So in my last blogpost I said that there was one more Christmas present I still had to show you, but that it needed its own post.
This is it.
This is Van Gogh’s The Starry Night, rendered in freeform crochet.
Before we go any further into exploring this, let me stress that this was freeform crochet. That means that there is no pattern. There never will be a pattern. Don’t even ask, because I wouldn’t be able to do it!
I started this project back in August, and there’s a reason I haven’t shared updates with you all. The reason is that this was a Christmas present for my mother. The Starry Night is one of her favourite pictures. She has a Starry Night case for her ipad. She loves the episode of Doctor Who, ‘Vincent and the Doctor’, that features Van Gogh and this painting (among many others). It was, I knew, the perfect picture to recreate, if I was going to attempt to recreate anything of the kind in crochet.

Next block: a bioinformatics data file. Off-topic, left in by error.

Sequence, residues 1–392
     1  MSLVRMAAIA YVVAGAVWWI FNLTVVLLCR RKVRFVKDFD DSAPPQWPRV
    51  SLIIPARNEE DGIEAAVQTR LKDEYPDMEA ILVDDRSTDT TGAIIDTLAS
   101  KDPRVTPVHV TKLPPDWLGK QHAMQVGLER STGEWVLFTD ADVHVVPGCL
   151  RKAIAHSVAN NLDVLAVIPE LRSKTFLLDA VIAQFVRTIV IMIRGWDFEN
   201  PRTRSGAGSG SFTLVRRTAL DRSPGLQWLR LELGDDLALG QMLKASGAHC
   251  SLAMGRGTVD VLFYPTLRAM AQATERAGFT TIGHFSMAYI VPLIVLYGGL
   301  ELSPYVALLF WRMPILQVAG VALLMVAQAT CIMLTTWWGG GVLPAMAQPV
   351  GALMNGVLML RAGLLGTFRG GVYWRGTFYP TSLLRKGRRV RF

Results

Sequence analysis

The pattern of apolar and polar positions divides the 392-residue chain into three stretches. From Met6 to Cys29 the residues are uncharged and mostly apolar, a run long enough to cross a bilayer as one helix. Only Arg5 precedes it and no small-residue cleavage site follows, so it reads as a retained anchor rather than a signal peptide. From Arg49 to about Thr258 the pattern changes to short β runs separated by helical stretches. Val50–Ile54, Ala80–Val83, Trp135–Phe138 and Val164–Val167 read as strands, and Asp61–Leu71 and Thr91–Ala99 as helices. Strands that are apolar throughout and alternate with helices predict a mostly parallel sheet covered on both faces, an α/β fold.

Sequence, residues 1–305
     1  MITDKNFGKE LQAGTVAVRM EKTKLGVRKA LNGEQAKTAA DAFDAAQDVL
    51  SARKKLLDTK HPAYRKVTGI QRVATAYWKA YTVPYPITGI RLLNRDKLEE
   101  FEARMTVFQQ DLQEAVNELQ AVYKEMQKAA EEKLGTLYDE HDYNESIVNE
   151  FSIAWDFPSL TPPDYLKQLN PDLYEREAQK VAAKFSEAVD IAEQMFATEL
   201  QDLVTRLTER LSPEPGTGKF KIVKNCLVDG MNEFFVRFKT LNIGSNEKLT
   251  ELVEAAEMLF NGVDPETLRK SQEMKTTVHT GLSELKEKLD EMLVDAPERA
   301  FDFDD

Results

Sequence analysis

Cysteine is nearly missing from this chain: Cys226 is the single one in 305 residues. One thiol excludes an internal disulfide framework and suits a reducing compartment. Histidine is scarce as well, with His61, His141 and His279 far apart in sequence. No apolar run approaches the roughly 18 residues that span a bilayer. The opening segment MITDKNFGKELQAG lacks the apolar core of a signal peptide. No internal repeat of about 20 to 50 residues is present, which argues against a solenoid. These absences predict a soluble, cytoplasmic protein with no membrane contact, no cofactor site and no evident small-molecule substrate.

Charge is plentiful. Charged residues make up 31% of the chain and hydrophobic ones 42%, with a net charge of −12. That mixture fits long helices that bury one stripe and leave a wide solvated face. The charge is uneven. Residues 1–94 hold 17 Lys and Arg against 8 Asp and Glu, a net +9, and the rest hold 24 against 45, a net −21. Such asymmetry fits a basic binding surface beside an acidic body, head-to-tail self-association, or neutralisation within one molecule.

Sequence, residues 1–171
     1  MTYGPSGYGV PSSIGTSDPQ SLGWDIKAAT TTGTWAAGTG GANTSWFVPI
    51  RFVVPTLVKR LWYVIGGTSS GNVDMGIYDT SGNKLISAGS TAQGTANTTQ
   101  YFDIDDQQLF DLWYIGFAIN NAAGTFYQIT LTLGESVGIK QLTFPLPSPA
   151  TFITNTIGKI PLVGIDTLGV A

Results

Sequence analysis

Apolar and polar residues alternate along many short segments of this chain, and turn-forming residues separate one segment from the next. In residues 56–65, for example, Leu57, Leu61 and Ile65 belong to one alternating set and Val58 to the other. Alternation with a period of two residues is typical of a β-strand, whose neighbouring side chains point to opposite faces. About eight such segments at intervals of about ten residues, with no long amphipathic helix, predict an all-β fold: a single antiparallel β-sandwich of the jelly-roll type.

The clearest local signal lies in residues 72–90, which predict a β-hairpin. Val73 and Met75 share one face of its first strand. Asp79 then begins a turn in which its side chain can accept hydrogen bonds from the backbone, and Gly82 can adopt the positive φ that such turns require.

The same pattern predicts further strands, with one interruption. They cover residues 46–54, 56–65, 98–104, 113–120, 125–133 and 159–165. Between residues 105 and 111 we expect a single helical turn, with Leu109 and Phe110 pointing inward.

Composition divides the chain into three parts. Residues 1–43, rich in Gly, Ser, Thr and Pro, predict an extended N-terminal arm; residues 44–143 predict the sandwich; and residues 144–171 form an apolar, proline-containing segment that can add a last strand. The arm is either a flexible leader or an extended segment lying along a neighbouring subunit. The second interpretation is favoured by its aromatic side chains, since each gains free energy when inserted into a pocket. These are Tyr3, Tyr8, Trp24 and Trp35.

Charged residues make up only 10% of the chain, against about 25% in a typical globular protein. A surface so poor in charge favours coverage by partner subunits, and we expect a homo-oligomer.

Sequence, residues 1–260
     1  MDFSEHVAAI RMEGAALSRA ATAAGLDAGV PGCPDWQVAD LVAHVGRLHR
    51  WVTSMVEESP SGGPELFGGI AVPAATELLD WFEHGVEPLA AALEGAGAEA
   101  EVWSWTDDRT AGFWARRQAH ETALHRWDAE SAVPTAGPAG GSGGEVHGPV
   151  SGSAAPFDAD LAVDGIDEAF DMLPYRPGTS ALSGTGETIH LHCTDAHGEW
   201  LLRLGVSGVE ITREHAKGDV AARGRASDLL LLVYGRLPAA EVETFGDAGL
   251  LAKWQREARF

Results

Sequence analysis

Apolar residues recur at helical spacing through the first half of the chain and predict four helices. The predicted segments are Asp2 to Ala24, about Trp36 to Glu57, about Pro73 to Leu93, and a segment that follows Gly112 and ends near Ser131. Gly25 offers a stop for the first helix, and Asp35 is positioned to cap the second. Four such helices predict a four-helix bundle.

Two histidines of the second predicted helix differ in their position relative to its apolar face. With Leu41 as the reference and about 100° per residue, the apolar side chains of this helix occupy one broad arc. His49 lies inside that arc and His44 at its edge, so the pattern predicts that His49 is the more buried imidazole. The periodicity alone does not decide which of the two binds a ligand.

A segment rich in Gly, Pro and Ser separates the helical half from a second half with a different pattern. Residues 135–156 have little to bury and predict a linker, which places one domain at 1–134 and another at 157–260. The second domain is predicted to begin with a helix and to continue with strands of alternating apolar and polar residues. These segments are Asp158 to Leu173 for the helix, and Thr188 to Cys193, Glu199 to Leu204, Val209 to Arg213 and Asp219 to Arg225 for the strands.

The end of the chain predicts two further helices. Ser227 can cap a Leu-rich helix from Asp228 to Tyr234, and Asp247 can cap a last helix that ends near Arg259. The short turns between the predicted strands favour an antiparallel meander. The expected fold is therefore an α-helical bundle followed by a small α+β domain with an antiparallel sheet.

And I was absolutely determined that it would be a secret. Even if she realised I was working on something for her for Christmas, she wouldn’t be able to guess what it was. So of course I couldn’t blog about it, because she reads this blog (hi, Mum). And I succeeded! She had no idea I was working on something like this, and no idea what was wrapped in this particular present under the Christmas tree. She was fairly stunned.
To begin at the beginning: some time back in August, I found myself thinking ‘I wonder if I could crochet Mum a version of Starry Night for Christmas’. And then I did a bit of googling, and discovered that Google Arts and Culture have scanned in, in extremely high definition, quite a number of important works of art…including The Starry Night. I could see the whole, but also zoom in to focus on the small details.